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Industry picks up the pace in Europe

Trenchless technology is gaining popularity across the European infrastructure industry, with projects specifying no-dig methodologies and industry associations spreading awareness.

Environmental impacts

The Baltic Pipe Project is the latest on and offshore gas transmission pipeline in development to create a new gas supply corridor in the European market. The project – being developed by Danish gas and electricity operator Energinet and Polish gas operator GAZ-SYSTEM – will bring approximately 10 billion m3/a of gas supply from Norway to Denmark and Poland, as well as 3 billion m3/a of gas from Poland to Denmark.

The Baltic Pipe Project comprises five key components: the North Sea offshore pipeline, Denmark’s onshore transmission system, a Danish compressor station, the Baltic Sea offshore pipeline and Poland’s onshore transmission system.

An important aspect being taken into account for the construction work is the minimisation of environmental damage. Four methods of construction are under consideration for environmental and engineering analysis: open excavation and trenchless horizontal directional drilling (HDD), microtunnelling and direct jacking.

On 12 July 2019, the Danish Environment Protection Agency issued GAZ-SYSTEM with the environmental decision for the Baltic Pipe landfall in Denmark. The decision focuses on the section where the offshore pipeline enters the land, as well as the construction of the tunnel up to the shoreline.

Microtunnelling has been specified as the installation method due to its ability to minimise environmental impact on the country’s coast and cliffs. It has also been selected as the preferred method for the landfalls in Poland as, in addition to protecting the coastal region, microtunnelling meets the technical capabilities required, such as the pipeline diameter and the geotechnical parameters of the soil.

Developing the HDD industry

The Drilling Contractors Association Europe (DCA-Europe) was founded in 1994 by leading HDD contractors to support the development of a method widely touted as the ideal alternative to cross underground obstacles when installing pipeline systems, both in technical and economic terms.

DCA-Europe’s main objectives are to maintain, promote and to further develop the technical standards of HDD in Europe, as well as improving the framework for the application the method by establishing common standards for quality assurance and unified licensing procedures, as well as promoting education and training and research and development.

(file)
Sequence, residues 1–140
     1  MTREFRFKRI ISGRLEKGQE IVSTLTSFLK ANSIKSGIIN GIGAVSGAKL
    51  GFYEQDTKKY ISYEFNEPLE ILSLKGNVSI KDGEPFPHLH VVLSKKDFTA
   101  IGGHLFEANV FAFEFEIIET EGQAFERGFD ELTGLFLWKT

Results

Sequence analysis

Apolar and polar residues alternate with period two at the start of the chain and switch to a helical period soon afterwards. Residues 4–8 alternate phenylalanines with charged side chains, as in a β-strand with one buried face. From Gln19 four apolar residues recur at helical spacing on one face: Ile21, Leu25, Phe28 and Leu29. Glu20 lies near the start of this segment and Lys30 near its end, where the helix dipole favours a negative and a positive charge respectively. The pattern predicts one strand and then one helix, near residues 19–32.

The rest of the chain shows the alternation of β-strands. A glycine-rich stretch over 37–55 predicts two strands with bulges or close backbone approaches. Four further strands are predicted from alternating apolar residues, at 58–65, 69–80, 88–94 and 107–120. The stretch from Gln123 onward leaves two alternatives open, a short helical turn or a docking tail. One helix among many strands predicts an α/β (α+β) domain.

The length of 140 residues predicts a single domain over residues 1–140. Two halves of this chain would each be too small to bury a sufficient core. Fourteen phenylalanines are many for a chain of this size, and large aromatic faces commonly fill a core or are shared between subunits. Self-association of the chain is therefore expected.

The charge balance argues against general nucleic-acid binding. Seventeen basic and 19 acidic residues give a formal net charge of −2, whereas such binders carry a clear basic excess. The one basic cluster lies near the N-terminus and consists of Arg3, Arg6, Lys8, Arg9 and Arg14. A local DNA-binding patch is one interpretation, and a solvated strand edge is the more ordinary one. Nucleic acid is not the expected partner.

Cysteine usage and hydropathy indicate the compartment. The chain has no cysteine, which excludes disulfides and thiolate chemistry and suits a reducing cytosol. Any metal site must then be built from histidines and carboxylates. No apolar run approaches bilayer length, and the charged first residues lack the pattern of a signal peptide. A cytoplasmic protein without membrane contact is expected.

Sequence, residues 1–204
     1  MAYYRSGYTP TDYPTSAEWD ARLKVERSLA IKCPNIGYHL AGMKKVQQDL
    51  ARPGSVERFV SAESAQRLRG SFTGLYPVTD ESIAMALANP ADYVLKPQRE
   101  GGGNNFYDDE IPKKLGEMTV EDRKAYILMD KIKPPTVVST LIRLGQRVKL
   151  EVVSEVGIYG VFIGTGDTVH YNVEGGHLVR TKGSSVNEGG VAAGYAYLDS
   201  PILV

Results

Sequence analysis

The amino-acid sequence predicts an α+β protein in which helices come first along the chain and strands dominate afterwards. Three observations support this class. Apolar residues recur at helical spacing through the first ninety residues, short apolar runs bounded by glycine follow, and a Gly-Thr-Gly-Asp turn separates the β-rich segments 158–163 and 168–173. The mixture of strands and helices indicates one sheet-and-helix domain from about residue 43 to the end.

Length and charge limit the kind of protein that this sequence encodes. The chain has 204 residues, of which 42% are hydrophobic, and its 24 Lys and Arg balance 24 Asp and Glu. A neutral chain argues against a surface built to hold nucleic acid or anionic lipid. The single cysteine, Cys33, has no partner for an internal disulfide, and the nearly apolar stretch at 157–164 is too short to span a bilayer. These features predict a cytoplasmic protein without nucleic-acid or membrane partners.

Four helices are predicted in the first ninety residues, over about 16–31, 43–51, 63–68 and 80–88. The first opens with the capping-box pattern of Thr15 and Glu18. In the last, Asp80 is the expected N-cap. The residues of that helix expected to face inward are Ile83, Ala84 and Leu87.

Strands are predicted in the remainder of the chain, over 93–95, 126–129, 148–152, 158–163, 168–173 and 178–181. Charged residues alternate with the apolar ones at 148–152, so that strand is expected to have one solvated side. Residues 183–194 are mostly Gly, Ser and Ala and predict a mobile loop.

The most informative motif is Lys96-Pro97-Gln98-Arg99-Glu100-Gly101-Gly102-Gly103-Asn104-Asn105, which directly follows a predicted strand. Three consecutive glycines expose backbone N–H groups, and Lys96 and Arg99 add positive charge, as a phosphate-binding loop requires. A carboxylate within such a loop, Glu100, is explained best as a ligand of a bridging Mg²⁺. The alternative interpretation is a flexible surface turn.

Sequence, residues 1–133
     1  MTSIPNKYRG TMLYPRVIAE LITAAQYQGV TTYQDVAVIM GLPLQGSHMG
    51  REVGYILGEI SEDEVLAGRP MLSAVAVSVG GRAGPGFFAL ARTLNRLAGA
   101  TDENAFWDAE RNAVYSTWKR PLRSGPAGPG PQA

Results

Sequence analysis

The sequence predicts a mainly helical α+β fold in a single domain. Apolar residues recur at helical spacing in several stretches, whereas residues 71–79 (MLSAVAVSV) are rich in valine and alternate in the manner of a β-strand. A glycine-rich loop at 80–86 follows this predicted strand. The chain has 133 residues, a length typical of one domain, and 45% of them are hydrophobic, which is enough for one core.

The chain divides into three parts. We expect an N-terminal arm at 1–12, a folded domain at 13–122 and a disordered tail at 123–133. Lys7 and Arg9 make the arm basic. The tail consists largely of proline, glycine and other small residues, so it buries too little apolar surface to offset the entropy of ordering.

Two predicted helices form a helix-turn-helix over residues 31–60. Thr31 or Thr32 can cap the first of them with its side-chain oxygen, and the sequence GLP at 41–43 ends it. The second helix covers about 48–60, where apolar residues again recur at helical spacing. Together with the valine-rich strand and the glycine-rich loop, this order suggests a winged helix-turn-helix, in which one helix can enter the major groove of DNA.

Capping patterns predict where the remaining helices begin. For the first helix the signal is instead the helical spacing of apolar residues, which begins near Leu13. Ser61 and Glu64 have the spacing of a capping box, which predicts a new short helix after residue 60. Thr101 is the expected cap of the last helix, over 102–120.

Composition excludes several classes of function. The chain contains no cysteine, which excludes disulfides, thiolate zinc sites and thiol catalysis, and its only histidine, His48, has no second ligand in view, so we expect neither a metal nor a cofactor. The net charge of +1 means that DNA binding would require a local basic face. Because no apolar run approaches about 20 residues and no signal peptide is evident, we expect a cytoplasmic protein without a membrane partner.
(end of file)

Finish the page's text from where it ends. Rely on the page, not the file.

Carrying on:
Once of the core focuses of the group over the past year has been the development of three working groups, which are actively looking at the disposal or recycle of drilling fluids; coating quality; and the revision of its published technical HDD guidelines. The groups comprise representatives of member companies, with external experts are called in for consultations when specialist knowledge is required.

DCA-Europe will continue to promote knowledge sharing when its 24th Annual Congress takes place in Krakow, Poland on 16–18 October. The event is focusing on the theme ‘HDD smart and green’ and will include presentations on technology and innovation, developments in the Polish HDD market.

Case studies and two workshops will also take place: one dedicated to electrically operated drilling rigs and the other focusing on new trenchless techniques linked to HDD technology and their areas of application.

Initiatives harnesses trenchless’ green credentials

The GEOFIT Project has received funding from the European Union’s Horizon 2020 program, the EU’s biggest research and innovation program, with nearly €80 billion (US$89.2 billion) of funding available over seven years (2014 to 2020). Horizon 2020 aims to deliver breakthroughs, discoveries and world-firsts by taking great ideas from the lab to the market.

GEOFIT is an integrated industrially driven action to answer the EU climate and energy package. It was adopted in 2008 in line with the EU ‘20-20-20’ targets: 20 per cent increase in energy efficiency, 20 per cent reduction of CO2 emissions and 20 per cent renewables by 2020.

The project will retrofit geothermal based solutions to real projects, targeting a 60 per cent reduction in energy consumption. GEOFIT has five pilot sites located in Spain, Italy, France and two in Ireland, representing geothermal upgrades in urban areas, rock drilling projects and in historical buildings with seismic risk.

Large industrial pipes stacked for use. Image courtesy of Baltic Pipe.

In the infrastructure market, GEOFIT is focused on the technical development of its Efficient Geothermal Systems and related components. This initiative will develop key heating and cooling technologies for energy efficient building retrofitting practices and leveraging its market uptake.

Key breakthrough technology assets brought by GEOFIT include improved low-invasive vertical drilling, HDD and trenchless technologies. This will allow novel and non-standard ground heat exchanger designs and geometries including vertical closed loops for limited spaces and novel hybrid heat pump and electrically driven compression heat pump systems, all specifically designed for their use in retrofitting works.

This article was featured in Fall Edition of Trenchless International. To view the magazine on your PC, Mac, tablet, or mobile device, click here.

If you have news you would like featured in Trenchless International contact Managing Editor Chloe Jenkins at cjenkins@gs-press.com.au

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